As the catch rule changes, one prominent referee sees no real change to how the play will be called on the field.
“Most of the calls that seemed to create the most controversy, we ruled them correctly and then they were overturned on replay,” referee Walt Coleman said Friday, per the Associated Press, in connection with the annual pre-training camp gathering of game officials. “From our standpoint, we’re just going to continue to officiate the plays like we have.”
It’s a stunningly candid assessment, and a somewhat tactful was of saying, “Don’t blame us.” And it has indeed been the excruciating, frame-by-frame application of replay review that has supplanted know-it-when-you-see-it common sense with a micromanaging of decisions made in real time.
The new rule combines objectivity and subjectivity to make it harder to overturn a ruling on the field of a catch and easier to overturn a ruling of a non-catch. Which should lead to more catches. Which is what everyone seems to want.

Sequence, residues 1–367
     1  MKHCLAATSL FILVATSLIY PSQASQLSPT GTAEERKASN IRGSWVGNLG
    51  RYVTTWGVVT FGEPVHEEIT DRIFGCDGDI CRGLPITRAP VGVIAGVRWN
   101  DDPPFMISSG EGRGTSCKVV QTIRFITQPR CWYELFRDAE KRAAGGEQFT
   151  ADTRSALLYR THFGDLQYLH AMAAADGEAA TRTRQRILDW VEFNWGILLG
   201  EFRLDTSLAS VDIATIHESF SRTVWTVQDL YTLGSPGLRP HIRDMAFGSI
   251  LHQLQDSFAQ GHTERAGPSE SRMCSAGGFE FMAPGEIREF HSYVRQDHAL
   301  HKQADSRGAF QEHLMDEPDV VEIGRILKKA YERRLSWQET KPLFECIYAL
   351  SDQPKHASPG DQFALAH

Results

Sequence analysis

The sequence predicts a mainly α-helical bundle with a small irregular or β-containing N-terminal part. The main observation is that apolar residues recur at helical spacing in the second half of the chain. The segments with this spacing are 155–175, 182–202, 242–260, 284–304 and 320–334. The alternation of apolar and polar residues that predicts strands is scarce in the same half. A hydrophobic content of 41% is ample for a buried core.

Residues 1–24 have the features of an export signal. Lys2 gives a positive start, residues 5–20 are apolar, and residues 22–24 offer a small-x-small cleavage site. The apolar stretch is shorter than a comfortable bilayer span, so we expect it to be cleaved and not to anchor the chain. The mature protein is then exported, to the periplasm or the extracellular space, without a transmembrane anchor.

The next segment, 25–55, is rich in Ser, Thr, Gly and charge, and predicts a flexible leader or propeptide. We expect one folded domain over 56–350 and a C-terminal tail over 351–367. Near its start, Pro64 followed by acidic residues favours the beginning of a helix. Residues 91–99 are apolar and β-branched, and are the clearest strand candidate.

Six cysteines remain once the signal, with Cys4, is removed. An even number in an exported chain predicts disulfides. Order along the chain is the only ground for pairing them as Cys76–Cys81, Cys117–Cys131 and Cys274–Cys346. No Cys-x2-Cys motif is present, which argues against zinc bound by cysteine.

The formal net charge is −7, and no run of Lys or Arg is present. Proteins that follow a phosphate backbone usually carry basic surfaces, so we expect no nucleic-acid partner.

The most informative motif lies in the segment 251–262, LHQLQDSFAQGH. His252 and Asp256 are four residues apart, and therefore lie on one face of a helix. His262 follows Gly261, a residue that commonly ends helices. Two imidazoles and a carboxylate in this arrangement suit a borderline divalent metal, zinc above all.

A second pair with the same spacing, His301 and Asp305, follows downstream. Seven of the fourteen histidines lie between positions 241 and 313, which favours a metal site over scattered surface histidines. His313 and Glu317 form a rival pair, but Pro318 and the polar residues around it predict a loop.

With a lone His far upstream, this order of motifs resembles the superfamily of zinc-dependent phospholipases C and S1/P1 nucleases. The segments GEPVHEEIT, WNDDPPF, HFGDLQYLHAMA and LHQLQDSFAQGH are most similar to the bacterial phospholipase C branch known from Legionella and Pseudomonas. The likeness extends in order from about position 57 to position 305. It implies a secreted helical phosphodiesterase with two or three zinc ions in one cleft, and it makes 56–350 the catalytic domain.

“People just didn’t understand that you had to hold on to the ball going to the ground,” Coleman said of the former rule. “When you catch the ball and you reach out, everybody thought that should be a catch. The way the rule was written, it wasn’t.”
It’s not that people didn’t understand the prior rule. It’s that people thought the prior rule conflicted with common sense. The new rule doesn’t, if it’s applied in a common-sensical way.